Appeals court: No immunity from lawsuit for ex-transit officer who killed Oscar Grant

OScar Grant was killed in 2009.

Story highlights

  • The 9th Circuit Court of Appeals upheld a lower court ruling
  • That ruling found Johannes Mehserle is not entitled to immunity from a lawsuit
  • Oscar Grant, 22, was shot and killed by Mehserle on New Year's Day 2009
  • Grant's father is suing Mehserle over the killing

A federal appeals court on Tuesday rejected a former San Francisco Bay Area Rapid Transit officer's claim of immunity in the shooting death of Oscar Grant, clearing the way for the 22-year-old's father to sue over the controversial killing on a train platform.

Johannes Mehserle was convicted of fatally shooting Grant in the back on New Year's Day in 2009 as he lay on a platform at the Fruitvale BART Station in Oakland, a case that is recounted in the award-winning movie "Fruitvale Station."

The 9th U.S. Circuit Court of Appeals denied Mehserle's claim that "the facts overwhelmingly show that he was acting consistently within the legitimate law enforcement objective of arresting Grant," upholding a lower court ruling that found there was a "genuine issue" as to whether the former officer's actions were required for a legitimate law enforcement purpose.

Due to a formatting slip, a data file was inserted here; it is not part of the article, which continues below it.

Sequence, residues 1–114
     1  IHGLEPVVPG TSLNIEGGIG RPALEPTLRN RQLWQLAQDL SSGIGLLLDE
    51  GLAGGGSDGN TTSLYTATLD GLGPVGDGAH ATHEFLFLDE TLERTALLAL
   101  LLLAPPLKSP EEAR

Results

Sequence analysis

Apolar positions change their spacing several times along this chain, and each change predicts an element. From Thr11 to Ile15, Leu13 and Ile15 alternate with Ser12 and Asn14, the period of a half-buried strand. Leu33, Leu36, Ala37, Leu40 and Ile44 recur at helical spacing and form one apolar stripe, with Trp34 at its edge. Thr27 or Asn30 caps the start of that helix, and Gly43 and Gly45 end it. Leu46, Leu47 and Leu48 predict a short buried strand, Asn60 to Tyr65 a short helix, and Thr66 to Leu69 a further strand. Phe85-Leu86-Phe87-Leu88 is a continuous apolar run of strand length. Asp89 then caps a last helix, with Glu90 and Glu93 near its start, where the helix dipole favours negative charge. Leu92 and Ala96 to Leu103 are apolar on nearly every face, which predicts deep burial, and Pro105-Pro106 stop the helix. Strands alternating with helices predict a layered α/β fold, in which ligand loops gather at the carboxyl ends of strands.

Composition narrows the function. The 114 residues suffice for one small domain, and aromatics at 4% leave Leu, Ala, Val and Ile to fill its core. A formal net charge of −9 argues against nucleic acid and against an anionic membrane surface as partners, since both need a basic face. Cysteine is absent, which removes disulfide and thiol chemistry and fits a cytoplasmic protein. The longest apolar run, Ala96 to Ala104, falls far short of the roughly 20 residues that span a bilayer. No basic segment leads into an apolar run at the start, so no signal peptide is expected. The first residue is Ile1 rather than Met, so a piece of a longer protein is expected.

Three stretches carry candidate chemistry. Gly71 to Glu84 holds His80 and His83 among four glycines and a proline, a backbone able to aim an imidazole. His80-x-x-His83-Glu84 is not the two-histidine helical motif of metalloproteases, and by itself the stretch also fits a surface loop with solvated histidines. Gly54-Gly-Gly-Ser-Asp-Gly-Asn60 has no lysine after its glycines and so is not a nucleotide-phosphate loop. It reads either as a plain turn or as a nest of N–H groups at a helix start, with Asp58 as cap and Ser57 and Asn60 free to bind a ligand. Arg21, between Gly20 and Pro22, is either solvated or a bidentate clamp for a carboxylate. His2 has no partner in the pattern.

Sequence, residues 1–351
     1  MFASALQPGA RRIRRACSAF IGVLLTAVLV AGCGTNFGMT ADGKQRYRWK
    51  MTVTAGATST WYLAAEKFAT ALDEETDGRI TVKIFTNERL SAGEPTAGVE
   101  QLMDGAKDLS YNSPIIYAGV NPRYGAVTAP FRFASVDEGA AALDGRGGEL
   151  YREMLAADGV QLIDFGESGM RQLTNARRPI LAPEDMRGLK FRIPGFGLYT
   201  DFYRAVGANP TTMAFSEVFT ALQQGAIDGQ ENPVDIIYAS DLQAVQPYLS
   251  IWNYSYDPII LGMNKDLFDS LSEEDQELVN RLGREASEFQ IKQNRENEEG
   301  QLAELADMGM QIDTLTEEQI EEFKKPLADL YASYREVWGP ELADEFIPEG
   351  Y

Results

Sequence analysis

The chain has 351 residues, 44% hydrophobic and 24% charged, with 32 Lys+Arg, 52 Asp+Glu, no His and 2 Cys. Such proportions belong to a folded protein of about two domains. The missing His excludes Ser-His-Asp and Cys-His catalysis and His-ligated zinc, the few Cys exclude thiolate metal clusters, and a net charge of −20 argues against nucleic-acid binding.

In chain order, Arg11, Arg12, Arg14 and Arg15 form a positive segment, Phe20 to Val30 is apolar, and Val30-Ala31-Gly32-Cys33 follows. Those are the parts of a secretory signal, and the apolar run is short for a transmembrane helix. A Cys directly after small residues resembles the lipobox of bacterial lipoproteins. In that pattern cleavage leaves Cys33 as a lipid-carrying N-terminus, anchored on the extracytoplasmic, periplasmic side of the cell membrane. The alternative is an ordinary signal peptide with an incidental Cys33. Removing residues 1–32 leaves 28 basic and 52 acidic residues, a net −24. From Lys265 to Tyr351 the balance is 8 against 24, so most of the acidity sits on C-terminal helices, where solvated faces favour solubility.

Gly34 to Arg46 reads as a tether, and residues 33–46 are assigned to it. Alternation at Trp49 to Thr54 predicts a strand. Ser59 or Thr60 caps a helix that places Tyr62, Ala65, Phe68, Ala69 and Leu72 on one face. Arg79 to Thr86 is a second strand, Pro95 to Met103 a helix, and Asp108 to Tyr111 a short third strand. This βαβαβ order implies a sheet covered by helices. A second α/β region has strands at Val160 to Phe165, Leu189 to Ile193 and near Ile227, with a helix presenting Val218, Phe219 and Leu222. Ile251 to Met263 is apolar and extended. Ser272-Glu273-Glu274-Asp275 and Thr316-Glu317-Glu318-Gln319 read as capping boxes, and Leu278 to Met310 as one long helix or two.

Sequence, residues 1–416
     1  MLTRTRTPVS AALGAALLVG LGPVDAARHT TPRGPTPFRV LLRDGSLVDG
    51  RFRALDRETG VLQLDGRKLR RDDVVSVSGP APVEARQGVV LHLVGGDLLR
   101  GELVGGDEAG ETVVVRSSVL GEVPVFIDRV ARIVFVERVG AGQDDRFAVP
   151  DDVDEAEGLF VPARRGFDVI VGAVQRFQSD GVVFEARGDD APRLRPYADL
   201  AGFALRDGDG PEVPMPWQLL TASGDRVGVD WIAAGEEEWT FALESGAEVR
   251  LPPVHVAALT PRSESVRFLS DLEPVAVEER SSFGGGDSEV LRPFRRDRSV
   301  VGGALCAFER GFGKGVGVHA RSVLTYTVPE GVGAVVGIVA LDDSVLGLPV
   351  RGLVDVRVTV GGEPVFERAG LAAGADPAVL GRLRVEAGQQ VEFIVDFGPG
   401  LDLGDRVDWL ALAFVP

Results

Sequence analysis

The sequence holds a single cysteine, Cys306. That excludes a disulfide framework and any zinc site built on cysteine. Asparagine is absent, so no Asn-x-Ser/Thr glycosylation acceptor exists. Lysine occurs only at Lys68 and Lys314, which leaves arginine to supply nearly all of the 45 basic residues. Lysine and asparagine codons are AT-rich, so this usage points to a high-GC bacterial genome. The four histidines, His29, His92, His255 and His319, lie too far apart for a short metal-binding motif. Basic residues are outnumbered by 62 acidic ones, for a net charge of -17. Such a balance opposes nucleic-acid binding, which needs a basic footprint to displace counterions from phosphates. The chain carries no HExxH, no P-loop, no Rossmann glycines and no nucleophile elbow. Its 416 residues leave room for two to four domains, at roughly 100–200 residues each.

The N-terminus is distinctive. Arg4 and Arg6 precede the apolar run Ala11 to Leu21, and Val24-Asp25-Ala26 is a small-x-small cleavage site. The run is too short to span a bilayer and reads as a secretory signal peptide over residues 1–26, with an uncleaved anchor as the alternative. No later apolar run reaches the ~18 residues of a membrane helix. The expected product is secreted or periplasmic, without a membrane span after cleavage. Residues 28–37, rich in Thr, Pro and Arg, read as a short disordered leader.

Mehserle testified at his 2010 trial that he intended to draw and fire his Taser rather than his gun. He was sentenced to two years in prison after his involuntary manslaughter conviction but was released after serving 11 months because of a California law that allowed him to reduce his sentence to nearly a year.

The shooting gained national attention in large part because it was captured on an onlooker's cell phone video camera. The video showed Mehserle pulling his gun and shooting Grant in the back as another officer appeared to be kneeling down over the unarmed man.

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The video was widely circulated on the Internet and on news broadcasts, and it spurred months of protests in and around Oakland.

Violent protests erupted after Mehserle's sentence was handed down, with at least 150 people arrested by the police.

The case has continued to draw interest and questions, with first-time director Ryan Coogler tackling the story in the independent film "Fruitvale Station" that was released this year. The film chronicles the last day of Grant's life.

The movie made its premiere at the 2013 Sundance Film Festival, where it took home the U.S. Grand Jury Prize and an Audience Award. It went on to win the award for Best First Film at the 66th Cannes Film Festival.

Coogler wrote the film, which stars Michael B. Jordan, Octavia Spencer, Kevin Durand and Chad Michael Murray.

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